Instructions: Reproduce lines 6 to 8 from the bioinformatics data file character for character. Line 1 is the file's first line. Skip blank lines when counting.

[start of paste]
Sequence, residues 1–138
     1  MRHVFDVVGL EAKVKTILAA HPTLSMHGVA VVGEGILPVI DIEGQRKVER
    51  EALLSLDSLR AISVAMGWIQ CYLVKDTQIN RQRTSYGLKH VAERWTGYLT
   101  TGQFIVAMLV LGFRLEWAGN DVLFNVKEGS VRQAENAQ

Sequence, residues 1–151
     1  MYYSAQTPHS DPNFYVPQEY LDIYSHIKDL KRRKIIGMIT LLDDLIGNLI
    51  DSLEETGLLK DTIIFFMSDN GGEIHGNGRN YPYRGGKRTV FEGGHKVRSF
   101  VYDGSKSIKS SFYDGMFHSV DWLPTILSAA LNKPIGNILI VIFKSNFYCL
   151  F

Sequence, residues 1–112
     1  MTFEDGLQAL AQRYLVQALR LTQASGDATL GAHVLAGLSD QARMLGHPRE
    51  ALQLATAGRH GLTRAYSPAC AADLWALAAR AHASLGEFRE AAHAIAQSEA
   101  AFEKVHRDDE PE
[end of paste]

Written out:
     1  MYYSAQTPHS DPNFYVPQEY LDIYSHIKDL KRRKIIGMIT LLDDLIGNLI
    51  DSLEETGLLK DTIIFFMSDN GGEIHGNGRN YPYRGGKRTV FEGGHKVRSF
   101  VYDGSKSIKS SFYDGMFHSV DWLPTILSAA LNKPIGNILI VIFKSNFYCL